Did you know that India and North Korea are the only two countries that don’t allow inflight Wi-Fi? It’s a shitty exclusive club to belong to — but it looks like India is finally canceling its membership, as the government has published new rules that allow the service on commercial flights.
That’s from The Economic Times, which has reviewed a copy of the government’s notification. Quartz noted back in 2016 that while many international airlines offer Wi-Fi on board flights to India, they have to turn off connectivity when they enter the country’s airspace. It’s a particularly odd quirk, especially given that companies like Gogo have been able to help airlines deliver inflight Wi-Fi since 2008.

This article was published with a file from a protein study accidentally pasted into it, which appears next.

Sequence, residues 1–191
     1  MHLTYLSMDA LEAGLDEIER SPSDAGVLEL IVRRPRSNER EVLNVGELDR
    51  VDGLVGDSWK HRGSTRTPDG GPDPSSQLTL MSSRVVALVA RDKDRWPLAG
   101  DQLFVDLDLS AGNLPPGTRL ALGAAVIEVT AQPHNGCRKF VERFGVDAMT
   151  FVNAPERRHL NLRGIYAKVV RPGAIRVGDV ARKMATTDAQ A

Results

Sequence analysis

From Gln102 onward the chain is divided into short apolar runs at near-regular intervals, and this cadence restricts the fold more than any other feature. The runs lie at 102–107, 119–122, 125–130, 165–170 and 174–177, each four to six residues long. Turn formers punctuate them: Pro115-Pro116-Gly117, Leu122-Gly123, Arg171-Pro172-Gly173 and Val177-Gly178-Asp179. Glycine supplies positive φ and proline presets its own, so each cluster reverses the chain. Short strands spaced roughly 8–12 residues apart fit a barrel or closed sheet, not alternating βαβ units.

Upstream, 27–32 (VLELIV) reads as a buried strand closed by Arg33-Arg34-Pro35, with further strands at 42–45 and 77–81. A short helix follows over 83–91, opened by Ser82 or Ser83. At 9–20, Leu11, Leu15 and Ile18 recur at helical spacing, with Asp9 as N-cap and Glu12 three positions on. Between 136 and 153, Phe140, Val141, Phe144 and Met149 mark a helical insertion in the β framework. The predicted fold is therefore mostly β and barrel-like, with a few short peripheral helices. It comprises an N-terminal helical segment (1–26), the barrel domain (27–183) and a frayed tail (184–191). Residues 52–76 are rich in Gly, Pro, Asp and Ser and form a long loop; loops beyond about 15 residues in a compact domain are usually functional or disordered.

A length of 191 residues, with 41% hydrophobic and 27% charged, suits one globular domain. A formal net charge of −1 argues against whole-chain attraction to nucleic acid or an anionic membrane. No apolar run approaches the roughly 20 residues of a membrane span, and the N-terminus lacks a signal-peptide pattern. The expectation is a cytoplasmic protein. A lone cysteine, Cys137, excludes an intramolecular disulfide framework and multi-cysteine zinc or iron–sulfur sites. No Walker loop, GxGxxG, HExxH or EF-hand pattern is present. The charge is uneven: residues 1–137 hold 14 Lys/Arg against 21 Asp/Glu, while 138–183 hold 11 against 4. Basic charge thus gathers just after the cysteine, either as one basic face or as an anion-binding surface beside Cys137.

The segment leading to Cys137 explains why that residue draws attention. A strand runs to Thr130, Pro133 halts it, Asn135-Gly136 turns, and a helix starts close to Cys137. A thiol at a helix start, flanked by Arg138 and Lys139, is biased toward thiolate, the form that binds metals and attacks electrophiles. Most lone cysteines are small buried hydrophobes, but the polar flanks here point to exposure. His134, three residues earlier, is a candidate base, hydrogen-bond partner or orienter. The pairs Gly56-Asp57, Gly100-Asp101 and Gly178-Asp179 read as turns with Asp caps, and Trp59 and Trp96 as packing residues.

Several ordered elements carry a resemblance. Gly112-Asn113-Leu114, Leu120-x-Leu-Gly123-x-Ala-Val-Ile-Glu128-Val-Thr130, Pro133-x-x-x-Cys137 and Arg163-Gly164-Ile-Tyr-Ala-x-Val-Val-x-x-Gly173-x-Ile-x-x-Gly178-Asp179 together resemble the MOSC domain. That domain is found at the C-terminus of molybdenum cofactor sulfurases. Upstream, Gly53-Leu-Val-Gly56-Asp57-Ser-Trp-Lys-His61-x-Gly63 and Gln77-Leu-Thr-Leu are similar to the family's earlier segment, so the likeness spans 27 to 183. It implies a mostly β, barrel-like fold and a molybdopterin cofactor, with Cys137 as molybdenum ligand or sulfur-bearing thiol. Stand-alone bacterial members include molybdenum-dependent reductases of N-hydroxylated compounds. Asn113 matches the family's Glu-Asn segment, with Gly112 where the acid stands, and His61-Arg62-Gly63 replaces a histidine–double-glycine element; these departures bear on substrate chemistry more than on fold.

The move has been in the works for a long time: The Telecom Regulatory Authority of India (TRAI) approved a proposal for inflight Wi-Fi back in May 2018. It’ll likely still be a while before local airlines offer the service, as they’ll need to set up the necessary infrastructure — which will have to either use Indian satellites or go through other countries’ satellites that are approved by the Department of Space — before it can take off.
We’ve contacted multiple domestic airlines to learn about their plans, and will update this post when we learn more.
Update March 2, 2020, 1309UTC: According to industry magazine, Avionics International, Vistara will become India’s first airline to offer in flight internet access.